Minerals are required by every cell in your body, which means everyone regardless of age needs them. Your body, however, cannot make minerals so it must obtain them from the food or water you consume. Minerals are broken into two categories: macrominerals and trace minerals. Macrominerals are much easier to acquire from food while trace minerals are found in more select sources. Let’s find out how you can meet the mineral requirements your body needs to function at its best.

Macrominerals such as calcium, potassium and magnesium, are fairly easy to get from a robust diet. Many foods (fruits, vegetables, fish, poultry and meat) contain different macrominerals and in varying amounts.

Trace minerals, such as copper, selenium, and manganese, are compounds that the body needs in much smaller amounts and are essential to a variety of cellular functions.

The US Department of Agriculture and other science organizations report there is instability in the quantities of minerals, particularly trace minerals, found in food. This is especially true of food products that are not grown in organic soil and free from harmful chemicals or GMOs.

Since trace minerals are less abundant in the foods we eat, it’s harder for us to get what we need through diet alone. To make things more challenging, many vitamin-mineral formulas do not include trace minerals (only the macrominerals).

These challenges can lead to a trace mineral deficiency. Signs of a mineral deficiency can show-up in your physical health in a variety of ways, such as:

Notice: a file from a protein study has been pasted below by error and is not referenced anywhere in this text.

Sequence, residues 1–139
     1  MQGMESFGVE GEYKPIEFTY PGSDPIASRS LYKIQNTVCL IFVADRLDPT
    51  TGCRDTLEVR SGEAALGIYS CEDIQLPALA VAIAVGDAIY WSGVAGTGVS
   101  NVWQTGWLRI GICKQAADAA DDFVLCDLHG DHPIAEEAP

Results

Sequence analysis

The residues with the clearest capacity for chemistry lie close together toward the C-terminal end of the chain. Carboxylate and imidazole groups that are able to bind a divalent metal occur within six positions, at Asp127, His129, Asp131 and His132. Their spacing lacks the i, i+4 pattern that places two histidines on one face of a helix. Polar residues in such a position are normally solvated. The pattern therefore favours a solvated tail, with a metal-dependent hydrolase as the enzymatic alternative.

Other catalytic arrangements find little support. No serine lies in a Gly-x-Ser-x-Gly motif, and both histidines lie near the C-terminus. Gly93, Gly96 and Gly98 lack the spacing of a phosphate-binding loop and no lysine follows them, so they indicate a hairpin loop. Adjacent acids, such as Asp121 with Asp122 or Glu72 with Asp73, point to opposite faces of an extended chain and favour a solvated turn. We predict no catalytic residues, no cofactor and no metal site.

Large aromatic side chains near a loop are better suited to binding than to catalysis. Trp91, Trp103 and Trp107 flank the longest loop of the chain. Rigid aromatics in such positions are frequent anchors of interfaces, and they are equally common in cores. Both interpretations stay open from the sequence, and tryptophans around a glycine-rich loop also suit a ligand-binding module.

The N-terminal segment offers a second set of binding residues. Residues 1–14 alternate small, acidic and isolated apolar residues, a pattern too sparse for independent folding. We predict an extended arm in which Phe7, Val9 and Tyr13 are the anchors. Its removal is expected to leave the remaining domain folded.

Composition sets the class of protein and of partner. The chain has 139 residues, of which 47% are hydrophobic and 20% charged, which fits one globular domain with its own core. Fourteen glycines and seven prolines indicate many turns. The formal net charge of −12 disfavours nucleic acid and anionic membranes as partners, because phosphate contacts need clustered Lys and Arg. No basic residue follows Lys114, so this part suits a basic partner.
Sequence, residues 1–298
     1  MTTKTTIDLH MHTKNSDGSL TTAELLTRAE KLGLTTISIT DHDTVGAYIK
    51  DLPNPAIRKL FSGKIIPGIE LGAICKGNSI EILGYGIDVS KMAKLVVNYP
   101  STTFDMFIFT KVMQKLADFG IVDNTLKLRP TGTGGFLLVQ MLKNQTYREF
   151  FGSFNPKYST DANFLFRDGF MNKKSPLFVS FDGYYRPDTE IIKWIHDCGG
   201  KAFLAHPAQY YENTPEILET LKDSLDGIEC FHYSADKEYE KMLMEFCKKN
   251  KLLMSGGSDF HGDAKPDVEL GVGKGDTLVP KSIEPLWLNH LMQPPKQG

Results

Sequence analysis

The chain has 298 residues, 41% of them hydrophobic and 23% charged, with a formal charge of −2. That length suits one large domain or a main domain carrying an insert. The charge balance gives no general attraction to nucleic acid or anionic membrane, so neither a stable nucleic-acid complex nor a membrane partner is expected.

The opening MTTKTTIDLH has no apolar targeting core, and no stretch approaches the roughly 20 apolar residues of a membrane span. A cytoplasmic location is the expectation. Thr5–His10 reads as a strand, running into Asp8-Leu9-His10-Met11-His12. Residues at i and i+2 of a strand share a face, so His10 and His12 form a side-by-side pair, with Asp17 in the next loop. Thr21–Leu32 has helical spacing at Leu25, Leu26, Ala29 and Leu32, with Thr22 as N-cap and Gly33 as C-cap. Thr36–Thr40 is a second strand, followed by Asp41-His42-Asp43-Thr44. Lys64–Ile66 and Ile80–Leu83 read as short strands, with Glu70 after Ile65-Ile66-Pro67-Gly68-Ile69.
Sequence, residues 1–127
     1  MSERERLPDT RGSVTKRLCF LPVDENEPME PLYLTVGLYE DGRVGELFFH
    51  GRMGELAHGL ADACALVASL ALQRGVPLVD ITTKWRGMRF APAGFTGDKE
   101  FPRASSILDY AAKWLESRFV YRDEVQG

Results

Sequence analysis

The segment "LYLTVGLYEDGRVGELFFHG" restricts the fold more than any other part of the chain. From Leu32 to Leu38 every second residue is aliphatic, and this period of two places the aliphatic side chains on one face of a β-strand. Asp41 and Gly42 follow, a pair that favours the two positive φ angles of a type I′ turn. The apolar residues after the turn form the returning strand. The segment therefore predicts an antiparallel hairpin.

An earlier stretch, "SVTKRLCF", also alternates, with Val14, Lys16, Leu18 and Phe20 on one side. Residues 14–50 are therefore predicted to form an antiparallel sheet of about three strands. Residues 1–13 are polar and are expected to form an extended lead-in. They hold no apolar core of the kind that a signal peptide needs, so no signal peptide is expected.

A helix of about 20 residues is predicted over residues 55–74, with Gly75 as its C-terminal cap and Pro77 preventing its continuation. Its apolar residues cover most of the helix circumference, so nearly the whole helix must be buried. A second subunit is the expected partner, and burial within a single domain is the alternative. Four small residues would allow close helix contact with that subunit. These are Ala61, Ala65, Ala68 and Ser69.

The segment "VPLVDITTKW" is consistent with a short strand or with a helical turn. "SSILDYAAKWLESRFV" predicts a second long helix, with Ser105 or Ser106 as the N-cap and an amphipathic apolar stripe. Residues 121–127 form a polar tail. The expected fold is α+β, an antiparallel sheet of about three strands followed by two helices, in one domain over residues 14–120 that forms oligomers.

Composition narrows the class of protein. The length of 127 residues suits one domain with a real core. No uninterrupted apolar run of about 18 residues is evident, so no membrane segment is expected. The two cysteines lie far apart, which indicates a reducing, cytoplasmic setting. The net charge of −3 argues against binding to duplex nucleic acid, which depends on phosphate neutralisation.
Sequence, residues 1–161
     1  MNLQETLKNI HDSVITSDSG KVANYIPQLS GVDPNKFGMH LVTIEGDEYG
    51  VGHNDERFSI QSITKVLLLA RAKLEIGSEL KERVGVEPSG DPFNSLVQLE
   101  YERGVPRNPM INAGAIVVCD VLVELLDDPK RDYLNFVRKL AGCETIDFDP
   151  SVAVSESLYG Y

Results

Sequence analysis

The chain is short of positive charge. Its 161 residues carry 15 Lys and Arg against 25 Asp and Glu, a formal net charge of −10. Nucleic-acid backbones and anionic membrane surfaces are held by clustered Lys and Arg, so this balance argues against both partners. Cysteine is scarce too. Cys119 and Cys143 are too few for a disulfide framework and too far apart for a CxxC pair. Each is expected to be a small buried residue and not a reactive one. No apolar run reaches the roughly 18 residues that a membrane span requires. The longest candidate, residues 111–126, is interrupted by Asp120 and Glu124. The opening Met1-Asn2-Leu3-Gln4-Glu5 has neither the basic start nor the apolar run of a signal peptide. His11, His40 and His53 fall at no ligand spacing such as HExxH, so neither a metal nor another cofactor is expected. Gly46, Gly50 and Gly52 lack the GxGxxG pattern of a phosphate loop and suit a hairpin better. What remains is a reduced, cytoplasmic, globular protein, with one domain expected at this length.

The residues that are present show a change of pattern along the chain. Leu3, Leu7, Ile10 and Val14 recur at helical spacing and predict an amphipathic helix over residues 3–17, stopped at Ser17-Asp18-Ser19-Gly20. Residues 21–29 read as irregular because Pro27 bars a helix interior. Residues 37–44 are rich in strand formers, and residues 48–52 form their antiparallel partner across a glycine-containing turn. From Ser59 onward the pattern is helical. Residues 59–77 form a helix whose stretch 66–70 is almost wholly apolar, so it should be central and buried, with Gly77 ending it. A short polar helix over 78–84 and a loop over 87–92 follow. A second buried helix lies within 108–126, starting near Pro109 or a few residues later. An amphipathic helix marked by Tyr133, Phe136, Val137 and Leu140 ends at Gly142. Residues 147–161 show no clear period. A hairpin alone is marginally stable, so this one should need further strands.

• GI issues (constipation, bloating, diarrhea)
  • Lower immunity
  • Problems with memory, learning, brain fog
  • Muscle pain, spasm, cramps
  • Heart issues
  • Generalized weakness or fatigue
  • Developmental delays or behavioral issues

If you experience any of the symptoms above, your holistic healthcare practitioner can run a lab test to assess for a mineral deficiency and may recommend ways to help boost your macromineral and trace mineral intake.

For minerals in general, eat a healthy diet consisting of non-processed food (particularly locally raised, organic food), especially dark leafy greens, vegetables, fruit, nuts, legumes, and lean proteins. For trace minerals, the best source comes from the mineral-rich waters found in certain oceans and seas around the globe such as the Great Salt Lake and the Australian Ocean. Nutritional supplements derived from these mineral-rich waters can boost your trace mineral levels. Your holistic healthcare practitioner can guide you regarding the best macromineral and trace mineral supplements to fit your specific needs.


McCormick, D. B. “Vitamin/Trace Mineral Supplements for the Elderly.” Advances in Nutrition 3.6 (2012): 822–824. PMC. Abstract. (March 2, 2017). https://www.ncbi.nlm.nih.gov/pmc/articles/PMC3648707/pdf/822.pdf

ConcenTrace Minerals Product Information: ConcenTrace® Trace Mineral Drops (traceminerals.com)

Davis, D.R. “Declining Fruit and Vegetable Nutrient Composition: What Is the Evidence?” Hortscience. 44.1 (2009): 15-19. Print.

Welch, R.M., and R.D. Graham. “Breeding for Micronutrients in Staple Food Crops from a Human Nutrition Perspective.” Journal of Experimental Botany. 55.396 (2004): 353-64. Print.

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